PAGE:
The 2023-24 season looks set to break, or come close to, surpassing some Premier League records for the number of yellow and red cards shown. We look at the data from across the English top flight so far.
In the summer of 2023, the Premier League, EFL, the FA and PGMOL met to discuss implementing new guidelines to apply to the following season of English football. Two of the key outcomes were a commitment to clamping down on dissent and punishing time-wasting.
There had been a record number of cards for dissent in 2022-23 and the 2022 World Cup had caused a big debate about the amount of added time, factors that played into these decisions. We produced a widely-shared article on the amount of time the ball was in play in Premier League games and the remarkable insights showed why the governing bodies were keen to change the way added time would be calculated.
Harsher punishments for dissent and time-wasting were meant to act as a deterrent for players and it was felt a lower threshold of tolerance would soon see players adapt and adjust their behaviour. However, it doesn’t seem to have worked.
This season has already seen a record number of cards for both dissent and time-wasting and that has contributed to a more than 20% increase on both last season’s number of cards per game and the increase is so dramatic that 2023-24 currently has the highest average of cards per game in a single season in top-flight history.
In fact, there have been more yellow cards for dissent and time-wasting this season than in any previous Premier League campaign, already surpassing 2022-23’s full-season totals.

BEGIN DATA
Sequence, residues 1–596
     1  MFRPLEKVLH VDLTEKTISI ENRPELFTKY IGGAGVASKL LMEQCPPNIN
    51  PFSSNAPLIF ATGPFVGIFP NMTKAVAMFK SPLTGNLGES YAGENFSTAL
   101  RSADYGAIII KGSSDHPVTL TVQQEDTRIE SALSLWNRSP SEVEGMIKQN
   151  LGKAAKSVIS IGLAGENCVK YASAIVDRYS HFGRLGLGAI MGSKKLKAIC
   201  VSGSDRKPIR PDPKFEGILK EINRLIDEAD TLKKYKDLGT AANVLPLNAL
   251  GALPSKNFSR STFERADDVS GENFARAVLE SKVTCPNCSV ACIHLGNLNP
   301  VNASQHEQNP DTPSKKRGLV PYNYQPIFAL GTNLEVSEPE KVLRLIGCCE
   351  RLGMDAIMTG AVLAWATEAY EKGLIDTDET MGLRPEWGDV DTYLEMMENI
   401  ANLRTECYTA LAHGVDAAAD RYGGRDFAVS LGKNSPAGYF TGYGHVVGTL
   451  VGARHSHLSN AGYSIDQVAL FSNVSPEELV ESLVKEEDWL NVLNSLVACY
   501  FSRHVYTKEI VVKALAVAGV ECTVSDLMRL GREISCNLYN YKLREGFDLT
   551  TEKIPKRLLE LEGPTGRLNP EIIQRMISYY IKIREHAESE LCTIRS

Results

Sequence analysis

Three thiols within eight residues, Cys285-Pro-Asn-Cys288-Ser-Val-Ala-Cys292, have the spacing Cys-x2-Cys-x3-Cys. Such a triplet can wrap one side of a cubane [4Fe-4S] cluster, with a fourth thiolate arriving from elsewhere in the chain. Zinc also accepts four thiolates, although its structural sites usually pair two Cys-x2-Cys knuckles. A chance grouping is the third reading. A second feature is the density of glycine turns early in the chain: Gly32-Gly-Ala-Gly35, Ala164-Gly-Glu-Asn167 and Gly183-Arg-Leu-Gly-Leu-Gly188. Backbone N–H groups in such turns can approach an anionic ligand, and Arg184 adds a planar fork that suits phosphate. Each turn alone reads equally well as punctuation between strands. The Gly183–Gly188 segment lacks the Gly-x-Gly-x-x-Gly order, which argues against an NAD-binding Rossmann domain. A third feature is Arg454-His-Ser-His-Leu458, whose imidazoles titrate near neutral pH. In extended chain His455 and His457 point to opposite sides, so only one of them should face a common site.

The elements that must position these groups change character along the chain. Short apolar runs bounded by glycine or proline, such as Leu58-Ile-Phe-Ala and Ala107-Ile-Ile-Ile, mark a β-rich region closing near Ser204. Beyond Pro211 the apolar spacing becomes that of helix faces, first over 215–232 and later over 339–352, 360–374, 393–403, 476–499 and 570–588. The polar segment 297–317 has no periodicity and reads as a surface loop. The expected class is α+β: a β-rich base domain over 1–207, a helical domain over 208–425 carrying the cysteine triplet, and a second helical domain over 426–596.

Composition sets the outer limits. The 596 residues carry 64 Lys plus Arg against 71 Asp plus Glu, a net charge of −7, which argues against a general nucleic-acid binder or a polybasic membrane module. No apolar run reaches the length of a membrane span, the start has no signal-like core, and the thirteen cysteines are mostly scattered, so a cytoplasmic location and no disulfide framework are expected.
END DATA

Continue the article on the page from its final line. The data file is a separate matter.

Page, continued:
Referees’ chief Howard Webb has already said “We have to change mindsets. We will stick to this. We are not going to ease off. This will be here for good.” But it seems that harsher punishments are yet to elicit the desired impact in terms of reducing either offence.
Perhaps punishment has come in another form. The amount of time added on has increased from seven minutes and 12 seconds on average last season to 10 minutes and nine seconds this season and the number of goals in added time in 2023-24 already stands at 67 which surpasses last season’s entire total of 49. But the authorities will be disappointed that the number of offences is not coming down as hoped. Perhaps that’s why there are rumours of experimenting with sin bins and blue cards…
The 2022-23 campaign saw a marked reduction in the number of dismissals, meaning that the total of 30 shown across the whole campaign was the lowest in any season since 1993-94.
1993-94 to 1994-95 saw a big jump in the number of red cards in the top flight. The former had 28 while the next season leapt to 67 dismissals. The next decade had an average of 64 red cards per season, 2004-05 to 2013-14 saw that average drop slightly to 62 per season. After 71 dismissals in 2014-15, we’ve seen another substantial reduction with an average of 42 per season culminating in that record low for a 38-game campaign of just 30 in 2022-23.